SAVIN v. BROOKLYN MARINE PARK DEVELOPMENT CORP

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Supreme Court, Appellate Division, Second Department, New York.

Andrea SAVIN, et al., respondents, v. BROOKLYN MARINE PARK DEVELOPMENT CORP., et al., appellants, et al., defendants.

Decided: April 28, 2009

REINALDO E. RIVERA, J.P., DANIEL D. ANGIOLILLO, RANDALL T. ENG, and ARIEL E. BELEN, JJ. Leahey & Johnson, P.C., New York, N.Y. (Peter James Johnson, Jr., of counsel), for appellants. Mitchell Troyetsky, New York, N.Y., for respondents.

In an action, inter alia, to recover damages for personal injuries, the defendants Brooklyn Marine Park Development Corp., Delkap Management, Inc., Corp., The Board of Directors of Brooklyn Marine Park Development Corp., Walter Fraza, Harold Toffel, Sol Melzack, Edward Spitz, Joan Resta, and Mike Walsh appeal (1) from an order of the Supreme Court, Kings County (Bayne, J.), dated October 24, 2007, which, in effect, denied their motion to vacate the note of issue filed by the plaintiffs and extend their time to move for summary judgment and granted the plaintiffs' cross motion pursuant to CPLR 3126 to strike their answer, and (2), as limited by their brief, from so much of an order of the same court dated May 30, 2008, as denied that branch of their motion which was for leave to renew their opposition to the plaintiffs' cross motion pursuant to CPLR 3126 to strike their answer.

ORDERED that the order dated October 24, 2007, is affirmed;  and it is further,

ORDERED that the order dated May 30, 2008, is affirmed insofar as appealed from;  and it is further,

ORDERED that one bill of costs is awarded to the plaintiffs.

 “Generally, the nature and degree of the penalty to be imposed pursuant to CPLR 3126 against a party who refuses to comply with court-ordered discovery is a matter within the discretion of the court.   A determination to impose sanctions for conduct which frustrates the disclosure scheme of the CPLR should not be disturbed absent an improvident exercise of discretion” (Duncan v. Hebb, 47 A.D.3d 871, 871, 850 N.Y.S.2d 610 [internal quotation marks and citation omitted] ).   Although actions should be resolved on the merits whenever possible, where the conduct of the resisting party is shown to be willful and contumacious, the striking of a pleading is warranted (see Martin v. City of New York, 46 A.D.3d 635, 847 N.Y.S.2d 621;  Maiorino v. City of New York, 39 A.D.3d 601, 834 N.Y.S.2d 272).  “Willful and contumacious conduct may be inferred from a party's repeated failure to comply with court-ordered discovery, coupled with inadequate explanations for the failures to comply” (Duncan v. Hebb, 47 A.D.3d at 871, 850 N.Y.S.2d 610 [internal quotations marks and citations omitted];  see Allen v. Calleja, 56 A.D.3d 497, 867 N.Y.S.2d 529).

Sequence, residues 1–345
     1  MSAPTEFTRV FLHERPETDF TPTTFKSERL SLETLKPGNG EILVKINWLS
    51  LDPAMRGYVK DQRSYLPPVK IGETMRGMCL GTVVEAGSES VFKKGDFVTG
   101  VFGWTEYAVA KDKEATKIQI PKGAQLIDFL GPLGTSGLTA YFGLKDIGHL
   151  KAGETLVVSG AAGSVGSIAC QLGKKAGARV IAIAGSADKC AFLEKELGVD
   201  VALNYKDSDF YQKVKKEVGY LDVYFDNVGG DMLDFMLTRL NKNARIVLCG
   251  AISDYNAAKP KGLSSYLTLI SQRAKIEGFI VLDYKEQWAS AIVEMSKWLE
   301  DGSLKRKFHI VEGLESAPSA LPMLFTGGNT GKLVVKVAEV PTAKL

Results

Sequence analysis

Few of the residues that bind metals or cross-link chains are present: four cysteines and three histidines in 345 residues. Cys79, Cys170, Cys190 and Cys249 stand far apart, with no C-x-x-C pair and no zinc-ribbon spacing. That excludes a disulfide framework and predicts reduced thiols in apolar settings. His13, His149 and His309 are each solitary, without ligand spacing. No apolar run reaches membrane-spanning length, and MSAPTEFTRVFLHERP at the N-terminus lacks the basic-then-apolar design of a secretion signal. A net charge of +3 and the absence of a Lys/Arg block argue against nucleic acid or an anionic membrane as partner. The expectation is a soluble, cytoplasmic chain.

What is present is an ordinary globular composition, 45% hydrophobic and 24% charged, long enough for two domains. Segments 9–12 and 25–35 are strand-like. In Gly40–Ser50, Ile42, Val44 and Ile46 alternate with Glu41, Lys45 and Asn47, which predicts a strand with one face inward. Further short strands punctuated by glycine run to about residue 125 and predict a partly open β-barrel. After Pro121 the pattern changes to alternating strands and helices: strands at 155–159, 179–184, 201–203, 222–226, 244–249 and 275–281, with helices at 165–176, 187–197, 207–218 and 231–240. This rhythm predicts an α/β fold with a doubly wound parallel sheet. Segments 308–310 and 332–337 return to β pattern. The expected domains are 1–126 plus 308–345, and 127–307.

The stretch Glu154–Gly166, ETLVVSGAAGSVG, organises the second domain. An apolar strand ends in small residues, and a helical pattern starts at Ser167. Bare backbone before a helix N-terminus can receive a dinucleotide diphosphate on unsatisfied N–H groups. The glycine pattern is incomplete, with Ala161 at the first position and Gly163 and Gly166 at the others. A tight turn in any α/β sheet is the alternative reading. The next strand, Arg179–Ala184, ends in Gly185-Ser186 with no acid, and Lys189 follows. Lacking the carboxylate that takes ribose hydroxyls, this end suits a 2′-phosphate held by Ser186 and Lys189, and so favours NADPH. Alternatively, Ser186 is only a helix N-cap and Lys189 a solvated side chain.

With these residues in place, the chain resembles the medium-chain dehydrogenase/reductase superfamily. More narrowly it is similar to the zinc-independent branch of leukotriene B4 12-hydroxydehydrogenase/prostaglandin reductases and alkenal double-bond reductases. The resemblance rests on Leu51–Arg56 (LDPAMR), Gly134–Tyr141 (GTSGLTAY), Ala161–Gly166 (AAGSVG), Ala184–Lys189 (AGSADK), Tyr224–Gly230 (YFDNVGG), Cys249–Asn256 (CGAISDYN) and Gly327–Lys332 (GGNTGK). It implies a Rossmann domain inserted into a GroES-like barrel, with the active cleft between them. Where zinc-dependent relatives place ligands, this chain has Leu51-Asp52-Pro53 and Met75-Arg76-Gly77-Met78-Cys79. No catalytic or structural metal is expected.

Here, the Supreme Court did not improvidently exercise its discretion in striking the appellants' answer.   The appellants repeatedly failed to comply with court orders directing the production of discovery documents and witnesses for examinations before trial, and failed to provide reasonable excuses to justify those failures.

 The Supreme Court also did not improvidently exercise its discretion in denying that branch of the appellants' motion which was to vacate the note of issue filed by the plaintiffs and extend their time to move for summary judgment.   The certificate of readiness contained no misstatements or material errors and it was the appellants' own failures to timely comply with court orders and discovery demands that delayed the completion of discovery (see Lynch v. Vollono, 6 A.D.3d 505, 774 N.Y.S.2d 433;  Ford v. J.R.D. Mgt. Corp., 238 A.D.2d 307, 656 N.Y.S.2d 946;  Mardiros v. Ghaly, 206 A.D.2d 413, 414, 614 N.Y.S.2d 435).

 The Supreme Court properly denied that branch of the appellants' motion which was for leave to renew their opposition to the plaintiffs' cross motion to strike their answer.   A motion for leave to renew “shall be based upon new facts not offered on the prior motion that would change the prior determination” (CPLR 2221[e][2] ) and “shall contain reasonable justification for the failure to present such facts on the prior motion” (CPLR 2221[e][3];  see Chernysheva v. Pinchuck, 57 A.D.3d 936, 871 N.Y.S.2d 621;  Dinten-Quiros v. Brown, 49 A.D.3d 588, 852 N.Y.S.2d 793;  Madison v. Tahir, 45 A.D.3d 744, 846 N.Y.S.2d 313).   Here, the appellants did not provide a reasonable justification for their failure to present the new facts on the original motion.   Moreover, the materials submitted in support of that branch of the appellants' motion which was for leave to renew would not have altered the court's original determination.

The appellants' remaining contentions are either not properly before this Court or without merit.

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